Help! I’ve been looking online for hours and hours, and have been on the phone with coleman - - - I’m looking for the T shaped support beams that are in the middle of my red 17’ coleman canoe. Any suggestions?
Build your own
Electrical conduit would be good enough as a material to use. I haven't given more than a passing glance to a Coleman canoe in decades so I don't know the details about how the hardware is shaped and fitted. I think originally, there would have been one pipe running nearly the full length of the boat, within that groove down the center of the floor. I'd have to see your boat before I could suggest exactly how to replicate the hardware with your own materials. However, if all you need is a 'T', with the top of the 'T' resting in the groove in the floor, you could use electrical conduit for the stem of the 'T', and a fat wooden dowel for the top. Just drill a hole in the side of the dowel, at a right angle, and insert one end of the conduit, and you have an instant 'T' joint that will bear weight.
If you don't mind paying more, you could use copper pipe. One advantage would be that you could connect pipes using standard fittings that are available.
Speaking of fittings, PVC pipe might be better than nothing, and with the available fittings, it's super easy to work with.
Coleman Canoe Frame
The frame used to keep the single layer polyethylene hull of the Coleman/Pelican canoes from flopping about is essential and has several weeknesses. The vertical strut you need stiffens the tubular aluminum keelson by tying it to the thwart and thus to the gunwales. The problem with a rigid strut is when the hull passes over a solid object (most commonly a riverbed rock)the weight of the canoe and its load is applied to this thin aluminum strut and the thwart. Usually leading to a failure of the keelson between the struts, but occasionally to a failure of the strut and thwart.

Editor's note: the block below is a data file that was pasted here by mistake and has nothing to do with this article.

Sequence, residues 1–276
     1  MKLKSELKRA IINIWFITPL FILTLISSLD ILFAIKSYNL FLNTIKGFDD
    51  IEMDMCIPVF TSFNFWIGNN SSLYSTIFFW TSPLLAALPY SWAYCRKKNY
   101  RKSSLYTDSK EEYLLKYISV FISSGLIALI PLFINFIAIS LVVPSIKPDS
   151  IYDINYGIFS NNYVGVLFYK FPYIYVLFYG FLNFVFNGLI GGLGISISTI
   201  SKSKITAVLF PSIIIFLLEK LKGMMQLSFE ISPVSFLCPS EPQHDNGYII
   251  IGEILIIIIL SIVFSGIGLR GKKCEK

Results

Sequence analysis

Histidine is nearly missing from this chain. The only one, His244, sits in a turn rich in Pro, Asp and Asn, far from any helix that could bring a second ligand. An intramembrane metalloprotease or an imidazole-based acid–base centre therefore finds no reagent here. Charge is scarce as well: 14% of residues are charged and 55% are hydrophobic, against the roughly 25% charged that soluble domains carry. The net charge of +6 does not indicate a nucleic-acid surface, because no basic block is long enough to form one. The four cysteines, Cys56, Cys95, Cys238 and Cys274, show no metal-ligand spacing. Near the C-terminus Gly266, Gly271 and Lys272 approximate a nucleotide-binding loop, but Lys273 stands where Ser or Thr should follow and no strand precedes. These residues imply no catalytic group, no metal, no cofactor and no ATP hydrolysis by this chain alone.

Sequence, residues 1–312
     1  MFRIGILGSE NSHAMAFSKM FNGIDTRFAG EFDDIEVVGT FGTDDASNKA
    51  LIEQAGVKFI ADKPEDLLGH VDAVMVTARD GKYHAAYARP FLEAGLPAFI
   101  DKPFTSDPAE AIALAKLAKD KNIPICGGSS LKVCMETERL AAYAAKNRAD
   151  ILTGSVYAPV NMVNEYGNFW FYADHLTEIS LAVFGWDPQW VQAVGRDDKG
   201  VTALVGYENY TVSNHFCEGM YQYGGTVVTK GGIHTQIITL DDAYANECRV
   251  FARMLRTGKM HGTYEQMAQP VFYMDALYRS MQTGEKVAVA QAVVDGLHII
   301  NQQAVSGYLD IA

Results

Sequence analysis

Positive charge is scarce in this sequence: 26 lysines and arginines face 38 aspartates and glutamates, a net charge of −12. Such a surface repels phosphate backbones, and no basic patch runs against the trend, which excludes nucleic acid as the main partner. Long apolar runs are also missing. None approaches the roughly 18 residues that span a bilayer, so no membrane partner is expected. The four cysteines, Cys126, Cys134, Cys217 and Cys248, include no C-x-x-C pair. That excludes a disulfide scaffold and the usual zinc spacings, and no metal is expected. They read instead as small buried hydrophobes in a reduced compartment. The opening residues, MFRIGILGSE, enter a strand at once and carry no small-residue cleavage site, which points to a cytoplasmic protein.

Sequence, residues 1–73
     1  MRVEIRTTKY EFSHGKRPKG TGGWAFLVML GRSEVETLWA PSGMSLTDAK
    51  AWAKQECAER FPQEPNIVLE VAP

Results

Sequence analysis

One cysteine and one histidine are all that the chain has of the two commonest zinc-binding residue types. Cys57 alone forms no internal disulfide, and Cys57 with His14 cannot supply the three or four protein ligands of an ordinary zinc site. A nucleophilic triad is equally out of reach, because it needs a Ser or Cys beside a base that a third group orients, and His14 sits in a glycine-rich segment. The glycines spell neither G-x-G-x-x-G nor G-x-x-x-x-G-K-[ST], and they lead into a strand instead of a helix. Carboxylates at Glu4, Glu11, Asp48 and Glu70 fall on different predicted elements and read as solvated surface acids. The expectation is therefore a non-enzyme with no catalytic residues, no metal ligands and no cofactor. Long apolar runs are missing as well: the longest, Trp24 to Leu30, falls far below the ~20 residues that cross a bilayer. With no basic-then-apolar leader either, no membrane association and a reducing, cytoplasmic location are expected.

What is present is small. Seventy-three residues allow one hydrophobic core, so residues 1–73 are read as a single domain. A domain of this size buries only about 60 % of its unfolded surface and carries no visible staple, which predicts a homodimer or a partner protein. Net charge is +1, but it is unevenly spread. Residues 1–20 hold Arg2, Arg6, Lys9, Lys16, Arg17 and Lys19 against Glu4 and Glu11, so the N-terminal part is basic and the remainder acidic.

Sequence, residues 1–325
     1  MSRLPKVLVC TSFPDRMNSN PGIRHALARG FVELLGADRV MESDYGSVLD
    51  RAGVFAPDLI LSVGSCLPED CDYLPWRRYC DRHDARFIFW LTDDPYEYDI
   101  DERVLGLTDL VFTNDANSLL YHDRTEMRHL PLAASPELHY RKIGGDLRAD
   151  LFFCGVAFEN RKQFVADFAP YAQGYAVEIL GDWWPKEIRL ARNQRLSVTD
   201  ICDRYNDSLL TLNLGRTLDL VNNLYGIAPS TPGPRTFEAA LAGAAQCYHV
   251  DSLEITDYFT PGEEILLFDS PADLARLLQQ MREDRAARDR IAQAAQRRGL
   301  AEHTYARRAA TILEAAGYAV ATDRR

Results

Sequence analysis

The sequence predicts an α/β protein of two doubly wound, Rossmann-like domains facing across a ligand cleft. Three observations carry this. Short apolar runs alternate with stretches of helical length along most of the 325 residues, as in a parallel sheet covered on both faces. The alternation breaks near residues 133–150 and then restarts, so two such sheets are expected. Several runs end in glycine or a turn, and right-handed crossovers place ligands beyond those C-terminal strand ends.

A better solution is found in the center-rib layup used by Wenonah for years. Those hulls have a center- rib running the length of the hull similar to the keelson tube in the Coleman,but the connection between the center-rib and the thwarts is via a telescoping spring loaded shock absorber. This allowed the hull to flex upward under impact, but kept the hull rigid during paddling.
You could accomplish the same thing by using the Wenonah struts or an automotive spring loaded tailgate or hood strut of the appropriate length.
The connection to the thwart can be easily fabricated from aluminum stock.